by Denyse O'Leary
Hunter is somewhat sympathetic to theistic naturalism, and - unlike many of naturalism's opponents - does not argue that most theistic naturalists are closet atheists. Indeed, he writes,
The urge toward naturalism is understandable, and charges of atheism and materialism are unfounded and unhelpful. But the rationalists also need to be careful. With their metaphysical and methodological a priori axioms in place, rationalists make high truth claims. Their powerful epistemological foundation allows them to firmly pronounce what is true and what is false. How often do we hear that this or that evidence PROVES evolution to be true? A little bit of data goes a long way when one has the framework of theological naturalism already in place. The universally held position is that evolution is not a model or hypothesis but an undeniable fact. In all this there is an unspoken dependency on controversial premises. (p. 140)
Still, Hunter is obviously in the empiricists' camp because he devotes several chapters to evidence from nature that presents conundrums for the orthodox naturalist - evidence that is routinely avoided when addressing the public.
That is because the rationalist must deny every instance of design. The empiricist has no similar problem with law or chance:
For empiricists, the scientific information we have does not readily convert to comprehensive explanations that we can know to be true. When it comes to origins, we are still left with many questions. Of course, empiricists have their own opinions about these questions, but they differ among themselves, and typically they are less sure than are rationalists.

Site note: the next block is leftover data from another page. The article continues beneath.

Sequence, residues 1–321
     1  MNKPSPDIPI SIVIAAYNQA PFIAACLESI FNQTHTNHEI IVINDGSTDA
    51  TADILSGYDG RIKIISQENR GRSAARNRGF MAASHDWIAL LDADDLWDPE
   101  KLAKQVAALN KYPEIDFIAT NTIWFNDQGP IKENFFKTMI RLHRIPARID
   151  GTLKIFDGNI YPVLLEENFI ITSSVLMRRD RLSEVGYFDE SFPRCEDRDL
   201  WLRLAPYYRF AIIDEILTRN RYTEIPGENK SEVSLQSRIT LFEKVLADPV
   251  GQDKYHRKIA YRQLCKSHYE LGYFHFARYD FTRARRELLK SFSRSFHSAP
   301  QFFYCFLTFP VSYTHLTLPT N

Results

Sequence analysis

One reason that empiricists lack well-defined philosophical assumptions is the complexity of these issues. For instance, where rationalists are quick to employ the infinite regress to argue for naturalism, empiricists engage in lengthy, detailed debates about what it portends. ... Empiricists differ among themselves and feel free to proceed with the science without having all the difficult questions firmly resolved. (P. 141)
For centuries it has been observed that nature appears to have been designed. But rationalism, with is metaphysical axioms, has constrained the sciences to naturalism. This has led to a blind spot, as only naturalistic explanations may be considered. If those naturalistic explanation are correct, then all is well. But today's rationalism has proclaimed them to be correct by fiat. That is metaphysical certainty, not scientific certainty. ( P. 146 )
He regards intelligent design theory as moderate empiricism:
Intelligent design cuts the strong tie between the historical and experimental sciences that rationalism requires. It is mainly interested in pursuing the experimental sciences without a priori assumptions about what is the right answer ... We should not assume that we know the kind of answers science must produce when there is much uncertainty. The world may have arisen by any of a variety of means and there is little to be gained by prematurely narrowing the choices. (P. 147)
Unless, of course, we are very sure what we must never believe. And if you are a theistic naturalist, remember, God's honour is at stake. And for some reason it is very, very fragile.
Return to Introduction
Toronto-based Canadian journalist Denyse O'Leary (www.designorchance.com) is the author of the multiple award-winning By Design or by Chance? (Augsburg Fortress 2004), an overview of the intelligent design controversy. She was named CBA Canada's Recommended Author of the Year in 2005 and is co-author, with Montreal neuroscientist Mario Beauregard, of the forthcoming The Spiritual Brain: A neuroscientist's case for the existence of the soul (Harper 2007).
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